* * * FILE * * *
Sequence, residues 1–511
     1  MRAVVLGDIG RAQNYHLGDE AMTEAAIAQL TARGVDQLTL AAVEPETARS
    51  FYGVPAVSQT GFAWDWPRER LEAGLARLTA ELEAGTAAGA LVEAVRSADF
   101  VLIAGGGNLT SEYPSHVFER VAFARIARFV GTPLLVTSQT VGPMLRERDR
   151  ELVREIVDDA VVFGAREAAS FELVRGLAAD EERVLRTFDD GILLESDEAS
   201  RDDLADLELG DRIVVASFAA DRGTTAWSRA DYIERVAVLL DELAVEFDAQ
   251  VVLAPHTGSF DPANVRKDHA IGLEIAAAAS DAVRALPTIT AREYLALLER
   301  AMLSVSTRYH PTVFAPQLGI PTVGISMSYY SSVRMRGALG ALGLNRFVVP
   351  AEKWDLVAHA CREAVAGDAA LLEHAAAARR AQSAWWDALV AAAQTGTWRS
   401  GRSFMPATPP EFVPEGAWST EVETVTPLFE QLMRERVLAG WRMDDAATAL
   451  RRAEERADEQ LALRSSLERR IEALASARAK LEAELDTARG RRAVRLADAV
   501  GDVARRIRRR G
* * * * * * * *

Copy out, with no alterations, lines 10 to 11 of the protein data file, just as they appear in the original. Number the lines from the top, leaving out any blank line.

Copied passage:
   401  GRSFMPATPP EFVPEGAWST EVETVTPLFE QLMRERVLAG WRMDDAATAL
   451  RRAEERADEQ LALRSSLERR IEALASARAK LEAELDTARG RRAVRLADAV